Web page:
3 Steps To Write A Hook In Your Press Release

There are a number of ways to create one or more hooks in your press release. The three main places to put hooks are:


1-the headline

2-the sub-heading

3-the first paragraph

Let’s look at each of these in turn.

1-Headline Hooks

Headlines need to go for the short sharp shock. They need to grab attention and lure in the reader in about 10 words or less.

Use active verbs, power words and keywords that show what topic your story is about. Use numbers when possible. Be specific. Let’s compare 3 headlines to see the difference between no hook and a strong hook.

Bad: Ford To Cut Many Jobs in Area

Better: Ford Axes Local Jobs

Best: Ford Slashes Over 1k jobs at Kansas City Plant

These headlines all use the same formula of subject, verb, and object. But the choice of verbs and details fleshes out the story more, and also offers emotional connection as well, especially if you live or work in Kansas City or are a journalist working that beat.

Note the verbs: cut, axe, slash. Cut is fine, but slash is intense and make the reader want to learn more. Also notice how the use of numbers in the last example has more impact than “many’. The headline is longer than the other 2, but it is tightly written and answers several of the journalist’s 6Ws:







In this case, it tells us who did what, and where. The why is also implied: the cuts have come about at the plant because of poor sales. Slashes would also seem to indicate when, and how, that is, suddenly, and without any warning.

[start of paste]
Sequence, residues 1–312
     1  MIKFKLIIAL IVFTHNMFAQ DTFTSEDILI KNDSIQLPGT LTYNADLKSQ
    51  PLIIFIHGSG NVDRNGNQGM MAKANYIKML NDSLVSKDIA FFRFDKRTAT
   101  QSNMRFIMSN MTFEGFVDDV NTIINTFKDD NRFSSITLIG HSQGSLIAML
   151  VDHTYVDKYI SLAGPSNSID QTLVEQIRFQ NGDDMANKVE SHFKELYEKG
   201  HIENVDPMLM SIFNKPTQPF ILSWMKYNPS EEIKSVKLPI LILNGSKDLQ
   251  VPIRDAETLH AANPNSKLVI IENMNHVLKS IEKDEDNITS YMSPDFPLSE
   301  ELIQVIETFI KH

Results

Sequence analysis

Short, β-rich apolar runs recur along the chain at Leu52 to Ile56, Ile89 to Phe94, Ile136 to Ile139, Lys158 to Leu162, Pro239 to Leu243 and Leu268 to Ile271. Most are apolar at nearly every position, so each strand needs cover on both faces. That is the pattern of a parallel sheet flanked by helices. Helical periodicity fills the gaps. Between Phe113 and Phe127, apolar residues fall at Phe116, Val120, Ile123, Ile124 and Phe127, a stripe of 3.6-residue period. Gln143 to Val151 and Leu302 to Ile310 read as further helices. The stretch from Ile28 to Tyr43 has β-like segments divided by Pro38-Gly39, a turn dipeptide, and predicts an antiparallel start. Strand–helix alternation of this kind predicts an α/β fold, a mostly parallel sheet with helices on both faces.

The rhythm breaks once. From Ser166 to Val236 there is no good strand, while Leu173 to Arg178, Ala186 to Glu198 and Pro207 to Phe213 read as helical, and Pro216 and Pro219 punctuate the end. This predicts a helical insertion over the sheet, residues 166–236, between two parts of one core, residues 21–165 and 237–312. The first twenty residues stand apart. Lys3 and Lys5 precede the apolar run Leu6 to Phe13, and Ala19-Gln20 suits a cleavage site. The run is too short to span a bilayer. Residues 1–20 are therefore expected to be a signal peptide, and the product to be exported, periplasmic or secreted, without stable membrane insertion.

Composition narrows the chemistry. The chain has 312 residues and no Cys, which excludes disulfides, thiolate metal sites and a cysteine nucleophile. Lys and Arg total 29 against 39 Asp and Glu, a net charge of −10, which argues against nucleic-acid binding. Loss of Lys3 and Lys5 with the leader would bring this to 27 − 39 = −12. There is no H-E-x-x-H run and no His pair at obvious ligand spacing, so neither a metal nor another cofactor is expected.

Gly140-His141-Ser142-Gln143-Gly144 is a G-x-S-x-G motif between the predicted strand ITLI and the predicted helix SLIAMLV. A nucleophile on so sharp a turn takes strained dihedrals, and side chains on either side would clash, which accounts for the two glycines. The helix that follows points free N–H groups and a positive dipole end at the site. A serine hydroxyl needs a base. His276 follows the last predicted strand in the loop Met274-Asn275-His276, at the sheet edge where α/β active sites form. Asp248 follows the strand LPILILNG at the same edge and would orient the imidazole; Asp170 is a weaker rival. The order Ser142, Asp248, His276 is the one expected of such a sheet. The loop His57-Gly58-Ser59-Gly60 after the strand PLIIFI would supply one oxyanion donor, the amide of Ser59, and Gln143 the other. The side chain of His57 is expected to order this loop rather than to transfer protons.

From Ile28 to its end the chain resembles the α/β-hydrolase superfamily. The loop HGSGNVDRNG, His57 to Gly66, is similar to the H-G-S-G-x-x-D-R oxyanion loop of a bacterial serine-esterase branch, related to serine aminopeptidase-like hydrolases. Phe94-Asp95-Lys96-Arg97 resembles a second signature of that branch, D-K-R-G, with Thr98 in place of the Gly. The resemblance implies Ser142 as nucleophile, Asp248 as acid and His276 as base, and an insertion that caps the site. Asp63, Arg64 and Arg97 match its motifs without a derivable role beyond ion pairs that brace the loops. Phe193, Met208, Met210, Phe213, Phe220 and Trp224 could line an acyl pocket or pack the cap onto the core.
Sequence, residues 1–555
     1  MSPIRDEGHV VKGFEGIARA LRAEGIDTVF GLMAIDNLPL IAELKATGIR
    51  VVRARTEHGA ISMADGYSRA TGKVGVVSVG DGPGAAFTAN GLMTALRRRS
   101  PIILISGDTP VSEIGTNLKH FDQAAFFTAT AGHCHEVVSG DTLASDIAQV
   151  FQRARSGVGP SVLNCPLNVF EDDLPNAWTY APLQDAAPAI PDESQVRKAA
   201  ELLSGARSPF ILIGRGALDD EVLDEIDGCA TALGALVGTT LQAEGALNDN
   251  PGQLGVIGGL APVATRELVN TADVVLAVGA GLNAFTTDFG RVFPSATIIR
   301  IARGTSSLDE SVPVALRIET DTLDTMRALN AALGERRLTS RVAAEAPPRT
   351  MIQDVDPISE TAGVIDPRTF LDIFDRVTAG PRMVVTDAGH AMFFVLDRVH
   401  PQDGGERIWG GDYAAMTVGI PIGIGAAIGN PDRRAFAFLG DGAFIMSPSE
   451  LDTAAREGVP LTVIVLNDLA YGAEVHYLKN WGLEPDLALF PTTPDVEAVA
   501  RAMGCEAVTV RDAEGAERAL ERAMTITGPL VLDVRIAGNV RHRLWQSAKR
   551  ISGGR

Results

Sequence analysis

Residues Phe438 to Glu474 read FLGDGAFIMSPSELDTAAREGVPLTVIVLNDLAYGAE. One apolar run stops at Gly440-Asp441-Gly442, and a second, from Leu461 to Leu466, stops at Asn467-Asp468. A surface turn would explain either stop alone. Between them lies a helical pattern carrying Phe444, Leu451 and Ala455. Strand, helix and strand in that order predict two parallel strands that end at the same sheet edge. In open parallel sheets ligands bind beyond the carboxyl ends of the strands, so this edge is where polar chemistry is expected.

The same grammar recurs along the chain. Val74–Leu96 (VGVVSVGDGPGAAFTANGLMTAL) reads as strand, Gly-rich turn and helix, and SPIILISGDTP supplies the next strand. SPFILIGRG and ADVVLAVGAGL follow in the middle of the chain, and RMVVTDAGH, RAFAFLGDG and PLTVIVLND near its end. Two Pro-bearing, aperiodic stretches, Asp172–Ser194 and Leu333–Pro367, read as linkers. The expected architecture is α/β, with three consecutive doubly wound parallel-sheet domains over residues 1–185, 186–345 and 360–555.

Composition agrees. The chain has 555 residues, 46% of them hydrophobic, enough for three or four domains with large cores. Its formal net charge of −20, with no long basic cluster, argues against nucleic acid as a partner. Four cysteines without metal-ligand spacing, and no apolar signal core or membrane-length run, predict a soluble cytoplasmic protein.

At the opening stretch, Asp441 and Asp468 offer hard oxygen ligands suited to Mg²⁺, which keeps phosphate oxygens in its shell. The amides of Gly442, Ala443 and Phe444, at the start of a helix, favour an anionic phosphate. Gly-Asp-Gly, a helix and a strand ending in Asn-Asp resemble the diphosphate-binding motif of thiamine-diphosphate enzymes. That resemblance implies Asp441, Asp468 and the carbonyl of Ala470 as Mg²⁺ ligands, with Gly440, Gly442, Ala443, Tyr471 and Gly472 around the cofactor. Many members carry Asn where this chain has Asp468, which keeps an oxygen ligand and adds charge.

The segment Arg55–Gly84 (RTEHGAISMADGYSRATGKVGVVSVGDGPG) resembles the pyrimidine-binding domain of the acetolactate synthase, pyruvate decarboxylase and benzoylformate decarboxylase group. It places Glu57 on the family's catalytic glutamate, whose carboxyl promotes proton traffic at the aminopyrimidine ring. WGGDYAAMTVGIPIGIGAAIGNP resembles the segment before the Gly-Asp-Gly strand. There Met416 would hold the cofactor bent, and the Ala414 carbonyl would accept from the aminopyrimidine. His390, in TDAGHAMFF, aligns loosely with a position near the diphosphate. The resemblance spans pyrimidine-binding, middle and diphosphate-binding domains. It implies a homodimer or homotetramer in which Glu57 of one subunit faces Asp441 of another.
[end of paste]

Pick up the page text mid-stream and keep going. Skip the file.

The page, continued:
Here’s another example:

Dull: Tyson removes chicken nuggets from store shelves

More interesting: Tyson recalls chicken nuggets due to safety concerns

More interesting and detailed: Tyson recalls 5-pound bags of frozen chicken nuggets amid fears of plastic contamination

Headline 1 reports the facts. In 2, the word recalls links with safety concerns-we often hear of product recalls in the news for that reason. The third headline gives more specific details. It isn’t all nuggets, just the frozen 5 pound bags.

The reason for the recall is also given. It’s not a food bug like E coli, but a manufacturing problem like plastic getting into the food at some point when they are being processed. The headline IS longer, but it makes every word count.

2-Add emotive Hooks

Sometimes a headline hook works well because it evokes emotion or causes controversy. Here’s a good example from Huffington Post:

Let’s Call Mental Health Stigma What It Really Is: Discrimination

3-Write a powerful sub-heading

The sub-heading supports the headline, continuing the hook:

Society’s attitude toward psychological disorders needs to change.

4-Hook them in the first paragraph, too

The first paragraph also supports the hook.

It’s no secret that there’s a veil of shame surrounding mental illness.

It is short, to the point, and all three together hook you into reading the story. The 3 are emotive and also persuasive, using words to get the reader to agree with and side with the point of view:


_Society’s attitude

_It’s no secret

Practice crafting hooks in your press releases and see what a different it can make to the effectiveness of your releases.

Call us today to speak to one of our PR specialists: 1-800-713-7278

Anthony Santiago is Director of Marketing at Newswire. With over a decade of experience in PR, he helps ensure that clients understand the value of brand messaging and reach.

Catch up on the rest of your content marketing news and strategy